From The Swan of Vilamorta. Born to a noble family in Galicia in 1851, Pardo Bazán believed at the age of fourteen that there was “nothing worthy to be called a novel unless a man was fired out of a cannon or flung over a cliff in every chapter,” according to a biographer. Her own writing, which often critiqued capital punishment and her society’s patriarchal order, introduced naturalism to Spanish literature. Though she had been forbidden to attend college, she became the first female professor of literature at the University of Madrid.
Behind the pine grove the setting sun had left a zone of fire against which the trunks of the pine trees stood out like bronze columns. The path was rugged and uneven, giving evidence of the ravages wrought by the winter rains; at intervals loose stones, looking like teeth detached from the gum, rendered it still more impracticable.
The melancholy shades of twilight were beginning to envelop the landscape; little by little the sunset glow faded away and the moon, round and silvery, mounted in the heavens, where the evening star was already shining. The dismal croaking of the frogs fell sharply on the ear; a fresh breeze stirred the dry plants and the dusty brambles that grew by the roadside; and the trunks of the pine trees grew momentarily blacker, standing out like inky bars against the pale green of the horizon.
A man was descending the path slowly, bent, apparently, on enjoying the poetry and the peace of the scene and the hour. He carried a stout walking stick, and as far as one could judge in the fading light, he was young and not ill-looking.
He paused frequently, casting glances to the right and to the left as if in search of some familiar landmark. Finally, he stood still and looked around him. At his back was a hill crowned with chestnut trees; on his left was the pine grove; on his right, a small church with a mean belfry; before him the outlying houses of the town. He turned, walked back some ten steps, stopped, fronting the portico of the church, examined its walls, and satisfied at last that he had found the right place, raised his hands to his mouth and, forming with them a sort of speaking trumpet, cried in a clear youthful voice, “Echo, let us talk together!”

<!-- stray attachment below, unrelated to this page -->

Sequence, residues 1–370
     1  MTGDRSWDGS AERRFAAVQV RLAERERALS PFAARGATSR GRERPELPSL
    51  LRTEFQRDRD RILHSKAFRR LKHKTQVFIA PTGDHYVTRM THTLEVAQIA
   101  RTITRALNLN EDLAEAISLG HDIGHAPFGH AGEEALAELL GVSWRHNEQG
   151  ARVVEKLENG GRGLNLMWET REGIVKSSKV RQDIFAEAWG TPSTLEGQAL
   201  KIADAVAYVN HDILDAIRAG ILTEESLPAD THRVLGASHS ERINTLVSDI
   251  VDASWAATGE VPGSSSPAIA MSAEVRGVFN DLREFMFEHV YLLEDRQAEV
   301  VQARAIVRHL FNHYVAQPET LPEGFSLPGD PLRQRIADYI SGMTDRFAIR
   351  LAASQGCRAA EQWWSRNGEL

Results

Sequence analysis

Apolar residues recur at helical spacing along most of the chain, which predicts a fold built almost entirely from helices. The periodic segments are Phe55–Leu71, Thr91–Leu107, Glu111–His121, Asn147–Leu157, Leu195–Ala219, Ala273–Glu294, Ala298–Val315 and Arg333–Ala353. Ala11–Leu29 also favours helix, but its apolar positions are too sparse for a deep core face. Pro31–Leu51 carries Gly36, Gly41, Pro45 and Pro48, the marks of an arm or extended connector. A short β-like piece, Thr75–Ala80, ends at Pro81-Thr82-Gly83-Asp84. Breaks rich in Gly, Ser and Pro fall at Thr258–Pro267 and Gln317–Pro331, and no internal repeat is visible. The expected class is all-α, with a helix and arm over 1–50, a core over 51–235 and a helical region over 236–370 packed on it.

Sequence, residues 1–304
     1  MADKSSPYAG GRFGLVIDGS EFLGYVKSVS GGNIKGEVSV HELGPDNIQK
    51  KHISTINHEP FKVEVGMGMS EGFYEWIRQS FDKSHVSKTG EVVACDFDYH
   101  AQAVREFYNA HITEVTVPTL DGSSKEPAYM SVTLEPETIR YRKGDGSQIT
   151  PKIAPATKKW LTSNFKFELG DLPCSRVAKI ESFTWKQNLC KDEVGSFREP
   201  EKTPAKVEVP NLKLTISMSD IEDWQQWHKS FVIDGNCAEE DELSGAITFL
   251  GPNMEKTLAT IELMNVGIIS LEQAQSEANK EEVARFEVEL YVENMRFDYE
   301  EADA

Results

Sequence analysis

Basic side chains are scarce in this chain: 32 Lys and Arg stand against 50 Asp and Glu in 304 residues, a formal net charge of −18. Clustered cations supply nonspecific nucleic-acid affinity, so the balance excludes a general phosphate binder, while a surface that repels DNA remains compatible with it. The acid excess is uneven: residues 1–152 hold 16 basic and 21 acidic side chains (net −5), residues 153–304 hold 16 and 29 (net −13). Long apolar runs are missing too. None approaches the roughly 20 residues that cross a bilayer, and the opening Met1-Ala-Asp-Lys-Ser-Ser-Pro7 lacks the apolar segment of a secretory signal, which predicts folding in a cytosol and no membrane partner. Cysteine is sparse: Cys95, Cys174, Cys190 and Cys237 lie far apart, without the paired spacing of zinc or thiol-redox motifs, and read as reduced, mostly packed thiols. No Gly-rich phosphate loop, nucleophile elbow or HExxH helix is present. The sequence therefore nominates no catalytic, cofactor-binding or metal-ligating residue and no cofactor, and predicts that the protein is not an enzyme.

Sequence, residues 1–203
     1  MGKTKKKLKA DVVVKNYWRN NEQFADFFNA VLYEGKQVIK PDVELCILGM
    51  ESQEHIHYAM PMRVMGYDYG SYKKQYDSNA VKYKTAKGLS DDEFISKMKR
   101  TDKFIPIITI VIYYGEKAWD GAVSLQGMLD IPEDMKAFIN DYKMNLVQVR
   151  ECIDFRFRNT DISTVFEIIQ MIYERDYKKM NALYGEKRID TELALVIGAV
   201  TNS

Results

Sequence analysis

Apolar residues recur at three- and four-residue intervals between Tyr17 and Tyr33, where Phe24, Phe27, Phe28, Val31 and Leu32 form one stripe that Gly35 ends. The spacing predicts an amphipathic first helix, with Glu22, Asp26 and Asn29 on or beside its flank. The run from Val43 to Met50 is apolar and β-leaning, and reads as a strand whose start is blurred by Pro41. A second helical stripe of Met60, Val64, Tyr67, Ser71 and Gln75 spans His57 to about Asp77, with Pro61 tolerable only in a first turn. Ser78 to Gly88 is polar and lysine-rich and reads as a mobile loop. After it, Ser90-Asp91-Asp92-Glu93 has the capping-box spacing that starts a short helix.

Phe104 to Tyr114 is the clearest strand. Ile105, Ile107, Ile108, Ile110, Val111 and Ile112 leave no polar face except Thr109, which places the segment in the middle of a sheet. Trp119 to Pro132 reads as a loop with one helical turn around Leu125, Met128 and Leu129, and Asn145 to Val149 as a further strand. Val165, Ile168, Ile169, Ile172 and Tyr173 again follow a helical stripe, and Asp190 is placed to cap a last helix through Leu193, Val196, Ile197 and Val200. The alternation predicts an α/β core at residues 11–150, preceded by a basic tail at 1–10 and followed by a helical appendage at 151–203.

From the angle formed by the walls there came back instantly another voice, deeper and less distinct, strangely grave and sonorous, which repeated with emphasis, linking the answer to the question and dwelling on the final syllable: “Let us talk togethe-e-e-e-r!”
“Are you happy?”
“Happy-y-y-y!” responded the echo.
“Who am I?”
To these interrogations, framed so that the answer should make sense with them, succeeded phrases uttered without any other object than that of hearing them reverberated with strange intensity by the wall. “It is a lovely night”—“The moon is shining”—“The sun has set”—“Do you hear me, echo?”—“Have you dreams, echo, of glory, ambition, love?” The traveler, enchanted with his occupation, continued the conversation, varying the words, combining them into sentences, and in the short intervals of silence, he listened to the faint murmur of the pines stirred by the evening breeze, and to the melancholy concert of the frogs. The crimson and rose-colored clouds had become ashen and had begun to invade the broad region of the firmament over which the unclouded moon shed her silvery light. The honeysuckles and elderflowers on the outskirts of the pine grove embalmed the air with subtle and intoxicating fragrance. And the interlocutor of the echo, yielding to the poetic influences of the scene, ceased his questions and exclamations and began to recite, in a slow, chanting voice, verses of Bécquer, paying no heed now to the voice from the wall, which in its haste to repeat his words returned them to him broken and confused.